WEST VALLEY CITY - A former Special Forces soldier from Utah who was wounded in Afghanistan is talking about what the death of Osama bin Laden means to him and the future of the U.S. military in the Middle East.
"I was personally happy to see that," Layne Morris told KSL Monday. "Any time evil is defeated, that's a great thing and it's something to be happy about."
Morris, now the Director of Community Preservation in West Valley City, says Sunday was a "great day."
"Do I take a lot of satisfaction, a lot of semi-quiet satisfaction, in knowing that bin Laden is dead? I do. I guess a small part of that is personal. But for me, it's for my country," he said.
It also made Morris reflect on what he considers another "great day."
It was in 2002, the day he lost sight in one eye. He was part of the Army's 19th Special Forces hunting for al-Qaida. In the middle of a firefight, he reached up to fire a rocket launcher and was hit by shrapnel from a grenade.
"I just figured my brains were oozing out the back of my head and I was standing there dead," Morris recounted. "I thought, ‘OK, this is what it now feels like to die.' Of course, a half-second later you realize, ‘I have no idea what happened, other than I can't see out of my right eye.'"
His optic nerve was severed, and he would never see out of that eye again. But Morris considers it a great day, because he went from believing in an instant he was dead to surviving.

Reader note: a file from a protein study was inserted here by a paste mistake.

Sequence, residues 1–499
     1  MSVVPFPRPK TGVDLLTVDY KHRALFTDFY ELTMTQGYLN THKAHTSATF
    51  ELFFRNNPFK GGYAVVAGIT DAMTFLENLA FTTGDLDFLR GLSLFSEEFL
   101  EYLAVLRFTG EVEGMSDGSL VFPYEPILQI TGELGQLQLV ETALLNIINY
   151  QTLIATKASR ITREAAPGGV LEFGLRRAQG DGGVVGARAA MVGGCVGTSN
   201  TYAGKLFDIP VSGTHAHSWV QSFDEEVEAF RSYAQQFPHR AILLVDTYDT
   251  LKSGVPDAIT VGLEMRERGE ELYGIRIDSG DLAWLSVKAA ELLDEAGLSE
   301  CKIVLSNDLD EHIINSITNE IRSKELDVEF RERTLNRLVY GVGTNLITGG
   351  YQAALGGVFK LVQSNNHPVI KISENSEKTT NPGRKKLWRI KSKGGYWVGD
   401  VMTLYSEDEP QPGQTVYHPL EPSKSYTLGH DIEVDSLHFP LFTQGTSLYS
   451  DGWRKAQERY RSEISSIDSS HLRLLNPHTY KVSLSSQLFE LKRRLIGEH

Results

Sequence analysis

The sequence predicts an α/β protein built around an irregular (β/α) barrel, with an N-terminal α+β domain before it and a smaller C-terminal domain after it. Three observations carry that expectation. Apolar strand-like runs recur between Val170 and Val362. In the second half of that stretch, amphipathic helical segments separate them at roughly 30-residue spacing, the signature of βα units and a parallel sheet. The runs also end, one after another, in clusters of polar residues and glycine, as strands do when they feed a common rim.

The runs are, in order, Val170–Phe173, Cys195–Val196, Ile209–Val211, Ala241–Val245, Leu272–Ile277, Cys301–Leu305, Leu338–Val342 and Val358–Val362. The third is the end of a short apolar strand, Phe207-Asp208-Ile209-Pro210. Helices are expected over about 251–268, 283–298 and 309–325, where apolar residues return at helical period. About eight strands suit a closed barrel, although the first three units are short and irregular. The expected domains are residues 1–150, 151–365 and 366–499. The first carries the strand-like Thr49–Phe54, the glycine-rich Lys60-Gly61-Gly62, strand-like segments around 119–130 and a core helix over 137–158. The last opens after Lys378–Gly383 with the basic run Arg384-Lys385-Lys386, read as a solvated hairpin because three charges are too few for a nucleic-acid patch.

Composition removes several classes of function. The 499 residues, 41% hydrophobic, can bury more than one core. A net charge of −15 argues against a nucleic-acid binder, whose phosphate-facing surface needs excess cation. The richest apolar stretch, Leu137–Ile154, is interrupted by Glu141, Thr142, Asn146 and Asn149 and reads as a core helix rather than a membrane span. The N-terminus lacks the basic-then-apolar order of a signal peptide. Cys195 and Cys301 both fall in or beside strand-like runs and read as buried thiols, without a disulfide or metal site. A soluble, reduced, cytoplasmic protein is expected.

Morris and the family of medic Christopher Speer were awarded $102.6 million in 2006 in a civil suit targeting al-Qaida's funds around the world. Speer was killed in the same attack that left Morris blind in one eye. Proceedings are still continuing at Guantanamo Bay for the detainees held responsible for the attack. Morris says he doesn't ever expect to get any of the money.
Now that bin Laden is gone, Morris feels the threat of retribution is real. However, he suggests now is the time to pull back from Afghanistan.
"We've now taken out bin Laden. Al-Qaida left Afghanistan a long time ago. The conflict's now with the Taliban. So, I think we need to re-look at the Taliban. Are they a threat?" he asked. "Do we have the blood and treasure to spend around this world, propping up ineffective and wishy-washy governments simply because there's the potential they could be a home to al-Qaida?
Morris says Afghanistan is no more stable than it was 10 years ago.
"Is it worth the folks we're losing over there?" Morris further questioned. "At this point, I'm not sure that it is."